Author: Will Kenneally
Republican U.S. Senate candidate Leah Vukmir contrasted herself with her Democratic opponent Tammy Baldwin on health care and other issues as she spoke to the College Republicans of UW-Madison Tuesday.
Vukmir, a former nurse, criticized Baldwin’s support of public options for health insurance, saying she would “win the debate” on the issue of health care.
“Tammy Baldwin wants to take it a step further, she wants full government-run health care — BernieCare,” she said. “The quality of care is going to go down.”
Vukmir advocated what she said was her plan of patient-centered, free-market health care, saying she could beat Baldwin on the issue.
“I cannot wait to debate Tammy Baldwin on that stage … who do you think is going to win at that [health care] debate?” Vukmir added.
Vukmir also knocked Baldwin for what she described as a mishandled response to the scandal at the veterans affairs center in Tomah, Wisconsin.
“Tammy Baldwin ignored a whistleblower report that told her that a doctor was over-prescribing opioids,” she said. “I’m not going to let [her] forget that she turned her back on veterans.”
As Vukmir fielded questions from the audience, one attendee identified herself as a pro abortion-rights Republican and asked Vukmir if there was a place for her in the Republican Party.
“I don’t believe that the Republican Party is a single-issue party,” Vukmir said. “It’s hard for me to be anything but pro-life — I’m a nurse.”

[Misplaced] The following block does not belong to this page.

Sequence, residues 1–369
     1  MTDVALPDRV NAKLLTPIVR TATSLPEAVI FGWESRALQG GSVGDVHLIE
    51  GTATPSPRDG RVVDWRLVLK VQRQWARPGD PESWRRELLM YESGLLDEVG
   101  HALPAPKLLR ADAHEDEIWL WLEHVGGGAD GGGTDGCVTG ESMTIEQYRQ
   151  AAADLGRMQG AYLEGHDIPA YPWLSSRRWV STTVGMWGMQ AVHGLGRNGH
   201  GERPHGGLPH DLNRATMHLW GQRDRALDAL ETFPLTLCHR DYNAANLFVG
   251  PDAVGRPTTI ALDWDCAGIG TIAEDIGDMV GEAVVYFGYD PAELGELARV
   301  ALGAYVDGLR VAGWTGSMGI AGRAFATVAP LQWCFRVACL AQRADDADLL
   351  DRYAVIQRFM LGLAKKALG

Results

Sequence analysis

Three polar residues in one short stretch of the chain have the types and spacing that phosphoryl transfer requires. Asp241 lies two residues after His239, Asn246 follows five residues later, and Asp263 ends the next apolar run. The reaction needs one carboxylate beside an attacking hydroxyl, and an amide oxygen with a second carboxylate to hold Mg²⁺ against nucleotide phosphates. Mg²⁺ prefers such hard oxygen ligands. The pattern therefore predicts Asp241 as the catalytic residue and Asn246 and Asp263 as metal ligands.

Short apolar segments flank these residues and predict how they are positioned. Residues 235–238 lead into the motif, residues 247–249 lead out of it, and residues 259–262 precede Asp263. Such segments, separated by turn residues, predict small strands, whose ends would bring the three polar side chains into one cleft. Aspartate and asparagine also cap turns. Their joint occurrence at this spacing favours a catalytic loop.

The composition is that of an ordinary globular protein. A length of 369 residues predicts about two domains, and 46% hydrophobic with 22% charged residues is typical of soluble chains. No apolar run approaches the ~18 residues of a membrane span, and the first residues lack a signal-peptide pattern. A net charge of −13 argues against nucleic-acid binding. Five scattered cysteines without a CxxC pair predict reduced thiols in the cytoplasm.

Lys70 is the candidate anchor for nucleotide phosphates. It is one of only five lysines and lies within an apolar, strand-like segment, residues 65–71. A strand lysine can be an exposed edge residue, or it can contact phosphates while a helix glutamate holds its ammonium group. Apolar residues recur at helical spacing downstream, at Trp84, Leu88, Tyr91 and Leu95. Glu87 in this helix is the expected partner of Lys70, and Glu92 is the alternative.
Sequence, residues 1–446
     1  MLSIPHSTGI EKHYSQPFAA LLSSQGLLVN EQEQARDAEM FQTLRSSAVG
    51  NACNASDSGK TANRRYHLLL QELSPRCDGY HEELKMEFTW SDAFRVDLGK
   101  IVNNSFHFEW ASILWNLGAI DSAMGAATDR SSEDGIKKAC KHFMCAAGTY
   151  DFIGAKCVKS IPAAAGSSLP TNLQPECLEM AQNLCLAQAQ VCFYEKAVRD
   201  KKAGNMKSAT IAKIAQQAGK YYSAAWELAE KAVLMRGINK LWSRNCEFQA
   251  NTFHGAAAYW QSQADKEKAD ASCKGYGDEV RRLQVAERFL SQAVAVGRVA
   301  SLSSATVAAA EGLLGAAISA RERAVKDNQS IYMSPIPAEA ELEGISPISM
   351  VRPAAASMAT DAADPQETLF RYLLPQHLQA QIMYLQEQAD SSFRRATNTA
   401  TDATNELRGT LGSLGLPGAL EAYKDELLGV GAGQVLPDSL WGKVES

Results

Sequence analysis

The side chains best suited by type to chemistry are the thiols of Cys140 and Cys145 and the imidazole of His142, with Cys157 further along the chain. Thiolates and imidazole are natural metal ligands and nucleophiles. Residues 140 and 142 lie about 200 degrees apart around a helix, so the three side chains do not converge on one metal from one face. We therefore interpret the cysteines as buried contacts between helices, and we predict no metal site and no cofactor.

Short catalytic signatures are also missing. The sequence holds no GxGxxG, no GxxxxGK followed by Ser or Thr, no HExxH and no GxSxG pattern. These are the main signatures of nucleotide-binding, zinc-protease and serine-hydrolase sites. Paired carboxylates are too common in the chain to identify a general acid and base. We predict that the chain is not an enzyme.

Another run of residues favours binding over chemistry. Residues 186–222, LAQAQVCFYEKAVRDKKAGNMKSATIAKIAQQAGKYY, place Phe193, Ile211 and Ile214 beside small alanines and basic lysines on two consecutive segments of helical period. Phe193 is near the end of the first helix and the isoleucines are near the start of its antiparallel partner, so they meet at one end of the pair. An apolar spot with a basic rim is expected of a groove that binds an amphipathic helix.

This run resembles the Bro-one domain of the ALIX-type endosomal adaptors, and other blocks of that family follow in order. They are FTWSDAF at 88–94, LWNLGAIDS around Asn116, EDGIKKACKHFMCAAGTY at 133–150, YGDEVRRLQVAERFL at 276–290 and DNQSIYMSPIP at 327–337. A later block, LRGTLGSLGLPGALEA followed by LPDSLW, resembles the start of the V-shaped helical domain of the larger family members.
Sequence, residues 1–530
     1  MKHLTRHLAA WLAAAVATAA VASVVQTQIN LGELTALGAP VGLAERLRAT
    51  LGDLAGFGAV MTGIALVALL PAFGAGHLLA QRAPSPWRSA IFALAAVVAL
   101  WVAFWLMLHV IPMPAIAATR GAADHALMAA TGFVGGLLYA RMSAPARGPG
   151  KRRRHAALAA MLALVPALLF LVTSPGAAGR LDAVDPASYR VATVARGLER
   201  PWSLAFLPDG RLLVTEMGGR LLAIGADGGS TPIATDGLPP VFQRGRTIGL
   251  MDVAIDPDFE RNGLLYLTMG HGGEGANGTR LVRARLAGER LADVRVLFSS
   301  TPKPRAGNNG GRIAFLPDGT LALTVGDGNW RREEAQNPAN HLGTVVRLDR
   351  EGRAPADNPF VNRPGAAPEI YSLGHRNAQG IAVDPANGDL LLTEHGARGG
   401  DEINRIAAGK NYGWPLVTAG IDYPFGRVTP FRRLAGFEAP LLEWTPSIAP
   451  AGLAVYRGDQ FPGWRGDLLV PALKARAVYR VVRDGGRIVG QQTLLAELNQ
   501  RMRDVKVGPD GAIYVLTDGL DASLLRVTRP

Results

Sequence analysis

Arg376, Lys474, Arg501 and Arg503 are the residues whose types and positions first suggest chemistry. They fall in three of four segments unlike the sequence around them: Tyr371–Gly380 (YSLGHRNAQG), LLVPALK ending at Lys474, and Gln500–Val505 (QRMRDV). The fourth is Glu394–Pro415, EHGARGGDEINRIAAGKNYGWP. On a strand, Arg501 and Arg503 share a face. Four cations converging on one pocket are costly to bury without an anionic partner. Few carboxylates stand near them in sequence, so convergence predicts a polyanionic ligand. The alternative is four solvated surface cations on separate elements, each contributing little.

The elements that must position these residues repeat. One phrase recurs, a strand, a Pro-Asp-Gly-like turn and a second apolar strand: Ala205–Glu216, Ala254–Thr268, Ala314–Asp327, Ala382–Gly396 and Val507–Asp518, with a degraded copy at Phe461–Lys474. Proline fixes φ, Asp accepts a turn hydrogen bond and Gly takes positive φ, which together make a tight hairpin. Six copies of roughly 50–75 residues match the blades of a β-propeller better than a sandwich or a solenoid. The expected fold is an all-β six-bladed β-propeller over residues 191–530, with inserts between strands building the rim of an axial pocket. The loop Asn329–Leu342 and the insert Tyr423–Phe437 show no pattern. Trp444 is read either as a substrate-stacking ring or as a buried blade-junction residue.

“If you embrace the other principals that we have, you should be a part of this party,” Vukmir added.
Another audience member said he did not agree with everything the president was doing, and asked Vukmir how she would stand up to him.
“I am not afraid to stand up to my leadership, I’m pretty good at it,” Vukmir said.
She added that she would work to represent what she called her independent values in the Senate, but said she supports “a lot of what the president is doing.” Among that support is her endorsement of Supreme Court nominee Brett Kavanaugh. Vukmir criticized Baldwin Tuesday for not immediately agreeing to meet with Kavanaugh when considering his nomination, and said she would do so if elected.
Tuesday’s event came the same day as a new Marquette Law School poll showed Vukmir trailing Baldwin 53-42 among likely voters. Less than one month ago, the race was much tighter with the same poll showing Baldwin and Vukmir neck-and-neck with 49 and 47 percent share of likely voters respectively.
Vukmir did not comment on the poll numbers at the event Tuesday, but campaign manager Jess Ward said in a statement that:
“This poll is a snapshot of a very competitive race. As Wisconsin voters learn more about Senator Baldwin’s failure at the Tomah VA, and her decision to cover things up, they will see first-hand how she has let our veterans down.”
The election for U.S. Senate will be held Nov. 6.